JOFA conference – on writing. Part 1

Fun times at JOFA yesterday.

That’s the intermittently-annual conference of the Jewish Orthodox Feminist Alliance, for those not au fait with Modern Orthodox slang. I admit I was rather surprised when they asked me to present, given that I don’t identify as Orthodox, but I said as much and they were still interested, so I guess whatever I am, it’s closely-related enough that they figured the conference attendees would be interested.

I very much like opportunities to talk about my work that aren’t the standard Look At The Torah Scroll or My Life Story that constitutes 90% of the public presentation I do. Last month I was in Boston, at Tufts University, talking to undergraduates, and that was great fun – undergrads tend to be deliciously interested in thorny issues, and they’ve often just discovered the joy of tussling with a problem, puppy-like, so undergrads are one of my favourite groups to work with.

Then, as now, I was using presenting as a forum to tackle the following question: classical halakha says there’s basically no way to argue that what I do is okay. My present justification is based on emunat hakhamim – community leaders whose learning and integrity I respect seem to think it’s okay, and since egalitarian practice is in large part a matter of communal acceptance, that’s something upon which to rely.

However. When I contract to write a sefer Torah, and we specify that the sefer is to be written in full accordance with normative Ashkenazi halakha with the exception of the gender of the scribe, it’s kind of analogous to someone who provides meat, which has been selected and slaughtered in full accordance with normative Ashkenazi halakha with the exception of the species of animal. That is to say, sometimes I feel rather like unto one who performs ritual slaughter on pigs.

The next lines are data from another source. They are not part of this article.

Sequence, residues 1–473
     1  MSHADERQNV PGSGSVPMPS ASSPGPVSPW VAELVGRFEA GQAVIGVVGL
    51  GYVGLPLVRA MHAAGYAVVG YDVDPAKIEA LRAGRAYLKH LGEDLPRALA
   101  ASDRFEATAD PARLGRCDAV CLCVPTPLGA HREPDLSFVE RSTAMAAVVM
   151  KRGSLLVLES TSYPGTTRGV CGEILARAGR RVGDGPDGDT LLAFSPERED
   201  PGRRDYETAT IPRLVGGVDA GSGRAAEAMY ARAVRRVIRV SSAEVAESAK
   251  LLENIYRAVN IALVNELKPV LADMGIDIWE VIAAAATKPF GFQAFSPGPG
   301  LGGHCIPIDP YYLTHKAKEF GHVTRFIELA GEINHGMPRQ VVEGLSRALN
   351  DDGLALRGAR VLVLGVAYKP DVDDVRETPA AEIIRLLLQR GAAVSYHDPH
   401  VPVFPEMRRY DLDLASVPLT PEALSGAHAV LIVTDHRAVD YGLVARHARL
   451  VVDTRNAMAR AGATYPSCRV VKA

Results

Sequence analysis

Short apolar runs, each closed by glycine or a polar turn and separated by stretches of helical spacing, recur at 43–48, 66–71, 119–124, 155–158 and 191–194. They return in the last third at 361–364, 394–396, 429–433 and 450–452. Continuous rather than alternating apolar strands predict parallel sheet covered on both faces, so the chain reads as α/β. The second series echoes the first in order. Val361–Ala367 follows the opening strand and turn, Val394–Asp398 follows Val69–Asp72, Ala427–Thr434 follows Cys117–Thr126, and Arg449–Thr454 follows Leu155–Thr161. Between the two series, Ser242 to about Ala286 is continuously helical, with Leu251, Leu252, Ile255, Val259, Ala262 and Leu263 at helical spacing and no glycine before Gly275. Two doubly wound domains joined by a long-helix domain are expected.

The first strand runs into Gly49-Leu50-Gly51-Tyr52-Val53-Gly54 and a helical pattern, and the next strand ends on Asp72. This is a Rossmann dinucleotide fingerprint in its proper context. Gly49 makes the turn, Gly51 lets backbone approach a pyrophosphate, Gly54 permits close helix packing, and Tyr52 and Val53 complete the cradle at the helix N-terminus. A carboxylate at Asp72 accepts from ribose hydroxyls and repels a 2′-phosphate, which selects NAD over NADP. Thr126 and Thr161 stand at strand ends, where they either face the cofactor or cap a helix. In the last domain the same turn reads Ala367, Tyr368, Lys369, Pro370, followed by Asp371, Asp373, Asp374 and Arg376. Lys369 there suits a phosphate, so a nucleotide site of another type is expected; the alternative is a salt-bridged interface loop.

All this leaves me wide open to the question “So why write sifrei kodesh?”

The workshop I was presenting at JOFA attempted to give an experiential perspective on that question. I wanted to convey the manner in which writing out verses of the Torah gives you a very particular and close relationship to them.

Session blurb: If one writes a sefer Torah, say the Sages, it is as if he had himself received it on Mount Sinai. How can the simple act of writing take someone to such heights? By transcribing small amounts of text, we will explore how writing Torah can be experientially very different from reading or learning or leyning; how the pace of transcription can give one fascinatingly different perspectives on the text, and how the act of transcription can cause one to process it differently.

I’ll continue in Part 2 shortly.


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